contains essential (must be consumed in our diet) and non essential (can be produced in our body) amino acids necessary for building muscle. Since the average person isn’t completely made of muscle, not much is really necessary to maintain a healthy diet. In fact, doctors like Dr. Jyrki Virtanen have found that a “very high intake of meat, especially processed red meat, is not good for overall health,”. His study concluded that from the data of 2,441 Finnish men, 334 of them suffered from heart failure, and those with the highest protein consumption had a 33% increased risk of heart failure.
Some Common Misconceptions
The importance of protein in our diet has been heavily debated and fluctuated over the last hundred years. Since the early 1900’s, the recommended protein requirements for the standard American diet steadily increased, and many diseases had been wrongly attributed to a protein deficiency. It wasn’t until the 1970’s that previous research was found to be flawed, due partly to rats being the subject of many studies, and rats requiring 10 times the protein as humans. Thankfully, the science was reevaluated, and infant protein requirements dropped from 13% of daily calories to 5%. It is now clear that when it comes to protein, we need to be more concerned with the quality over the quantity.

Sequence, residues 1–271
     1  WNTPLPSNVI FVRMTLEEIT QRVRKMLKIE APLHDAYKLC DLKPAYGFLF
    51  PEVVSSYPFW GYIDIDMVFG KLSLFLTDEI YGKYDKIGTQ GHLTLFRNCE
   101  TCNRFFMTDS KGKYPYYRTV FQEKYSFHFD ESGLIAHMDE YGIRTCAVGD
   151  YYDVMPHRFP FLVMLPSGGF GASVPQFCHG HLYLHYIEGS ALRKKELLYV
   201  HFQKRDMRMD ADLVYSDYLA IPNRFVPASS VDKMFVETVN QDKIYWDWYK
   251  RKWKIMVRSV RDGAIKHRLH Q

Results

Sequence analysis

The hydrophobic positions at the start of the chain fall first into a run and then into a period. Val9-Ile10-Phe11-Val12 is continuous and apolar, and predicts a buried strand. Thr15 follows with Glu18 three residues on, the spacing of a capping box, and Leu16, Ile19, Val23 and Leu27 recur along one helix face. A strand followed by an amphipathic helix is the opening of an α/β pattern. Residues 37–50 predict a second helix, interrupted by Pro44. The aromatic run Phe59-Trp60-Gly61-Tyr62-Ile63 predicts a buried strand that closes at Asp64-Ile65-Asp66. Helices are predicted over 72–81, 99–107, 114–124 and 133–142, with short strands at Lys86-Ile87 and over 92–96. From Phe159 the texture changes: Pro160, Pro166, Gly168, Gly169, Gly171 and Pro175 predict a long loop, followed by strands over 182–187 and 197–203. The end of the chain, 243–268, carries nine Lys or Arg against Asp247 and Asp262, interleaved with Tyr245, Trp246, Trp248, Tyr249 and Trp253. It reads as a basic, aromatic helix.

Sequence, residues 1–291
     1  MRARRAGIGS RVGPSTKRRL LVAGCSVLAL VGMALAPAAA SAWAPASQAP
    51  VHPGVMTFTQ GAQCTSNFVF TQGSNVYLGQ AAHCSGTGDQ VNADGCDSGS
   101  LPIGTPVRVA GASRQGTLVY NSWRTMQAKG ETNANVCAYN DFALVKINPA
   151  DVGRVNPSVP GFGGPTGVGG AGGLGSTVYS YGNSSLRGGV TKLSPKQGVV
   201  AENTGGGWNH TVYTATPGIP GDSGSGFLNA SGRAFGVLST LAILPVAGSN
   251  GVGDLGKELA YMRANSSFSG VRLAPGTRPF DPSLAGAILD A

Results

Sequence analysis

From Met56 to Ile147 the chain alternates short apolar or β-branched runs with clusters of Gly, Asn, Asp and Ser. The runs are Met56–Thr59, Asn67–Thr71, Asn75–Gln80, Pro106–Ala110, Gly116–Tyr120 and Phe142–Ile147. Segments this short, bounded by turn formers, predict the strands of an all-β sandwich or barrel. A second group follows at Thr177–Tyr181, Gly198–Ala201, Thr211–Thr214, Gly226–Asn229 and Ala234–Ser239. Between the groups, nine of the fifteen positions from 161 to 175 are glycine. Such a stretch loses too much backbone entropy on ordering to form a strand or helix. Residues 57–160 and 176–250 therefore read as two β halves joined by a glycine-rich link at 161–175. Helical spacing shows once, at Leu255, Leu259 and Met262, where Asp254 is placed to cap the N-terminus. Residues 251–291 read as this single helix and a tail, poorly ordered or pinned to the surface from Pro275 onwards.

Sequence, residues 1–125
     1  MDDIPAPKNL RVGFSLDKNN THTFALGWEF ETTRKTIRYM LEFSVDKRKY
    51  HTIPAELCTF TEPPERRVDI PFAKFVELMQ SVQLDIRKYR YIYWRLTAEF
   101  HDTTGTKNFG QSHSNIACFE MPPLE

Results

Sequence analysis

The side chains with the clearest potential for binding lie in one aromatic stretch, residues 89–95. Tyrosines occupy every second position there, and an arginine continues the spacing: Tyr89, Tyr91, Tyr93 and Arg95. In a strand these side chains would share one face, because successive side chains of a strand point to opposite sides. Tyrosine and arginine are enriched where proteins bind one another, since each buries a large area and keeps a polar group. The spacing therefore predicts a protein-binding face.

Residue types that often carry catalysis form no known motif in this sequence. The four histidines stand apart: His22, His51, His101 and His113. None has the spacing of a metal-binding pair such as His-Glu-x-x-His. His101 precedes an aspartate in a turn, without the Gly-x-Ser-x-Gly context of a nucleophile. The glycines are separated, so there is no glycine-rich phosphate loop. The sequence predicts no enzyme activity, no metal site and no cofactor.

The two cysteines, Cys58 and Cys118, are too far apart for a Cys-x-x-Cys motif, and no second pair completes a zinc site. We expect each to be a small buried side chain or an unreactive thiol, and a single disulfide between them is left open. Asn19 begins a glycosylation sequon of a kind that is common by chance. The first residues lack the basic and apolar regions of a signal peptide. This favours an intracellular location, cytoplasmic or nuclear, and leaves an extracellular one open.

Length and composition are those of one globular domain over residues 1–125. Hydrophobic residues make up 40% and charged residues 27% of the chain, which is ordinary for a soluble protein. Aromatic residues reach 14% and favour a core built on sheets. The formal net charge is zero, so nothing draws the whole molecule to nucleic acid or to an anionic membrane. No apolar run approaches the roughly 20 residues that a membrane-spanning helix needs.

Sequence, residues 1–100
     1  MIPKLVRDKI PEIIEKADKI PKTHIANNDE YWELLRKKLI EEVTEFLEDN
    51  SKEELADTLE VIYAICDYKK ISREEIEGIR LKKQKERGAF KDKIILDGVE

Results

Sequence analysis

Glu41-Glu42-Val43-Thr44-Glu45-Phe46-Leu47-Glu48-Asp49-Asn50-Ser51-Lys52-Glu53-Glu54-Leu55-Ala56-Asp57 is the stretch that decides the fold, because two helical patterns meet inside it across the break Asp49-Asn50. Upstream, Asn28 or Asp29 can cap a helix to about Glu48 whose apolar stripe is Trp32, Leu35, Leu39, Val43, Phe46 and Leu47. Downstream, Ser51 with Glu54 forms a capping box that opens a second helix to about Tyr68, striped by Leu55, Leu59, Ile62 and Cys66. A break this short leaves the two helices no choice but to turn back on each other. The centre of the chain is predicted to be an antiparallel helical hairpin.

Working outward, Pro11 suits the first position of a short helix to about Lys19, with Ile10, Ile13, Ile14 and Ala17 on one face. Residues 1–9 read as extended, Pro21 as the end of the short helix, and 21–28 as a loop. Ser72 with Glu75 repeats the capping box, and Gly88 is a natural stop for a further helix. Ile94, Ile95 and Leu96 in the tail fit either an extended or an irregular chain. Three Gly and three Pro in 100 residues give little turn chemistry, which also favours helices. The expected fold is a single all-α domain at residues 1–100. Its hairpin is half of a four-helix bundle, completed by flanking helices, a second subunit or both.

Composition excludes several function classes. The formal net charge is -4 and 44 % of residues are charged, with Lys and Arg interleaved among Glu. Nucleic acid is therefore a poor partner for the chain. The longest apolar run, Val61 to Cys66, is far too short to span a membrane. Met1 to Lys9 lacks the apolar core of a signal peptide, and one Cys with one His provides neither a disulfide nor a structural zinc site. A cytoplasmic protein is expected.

Another false claim is that plant sources of protein are “incomplete proteins”, because they contain varying levels of all the amino acids, and thus were thought of as insufficient. Although meat has high levels of all amino acids needed in the body (because it most closely resembles human flesh), all essential amino acids originate from plants, and animals must eat plants to get their protein, too. So the only truly incomplete protein there is, that we know of, is gelatin.
It has also been proven false that animal protein sources are more effective at building muscle over plant sources. The Journal of the International Society of Sports Nutrition conducted a study comparing whey protein and pea protein in relation to increases in muscle thickness and strength. It was concluded that both were equally effective, whereas it had been previously thought whey protein was superior.
While plant sources of protein and animal sources seem to be equally effective at building muscle, more and more evidence has come forth showing that plant protein is actually a healthier choice. When cooked, preserved, and digested,
animal products have been shown to release harmful, inflammatory compounds, as well as cause oxidative stress, both of which are markers for aging and disease. In fact, Dr. Walter Willet, the Chair of Harvard’s nutrition department, recommends more emphasis on plant sources of protein over animal ones.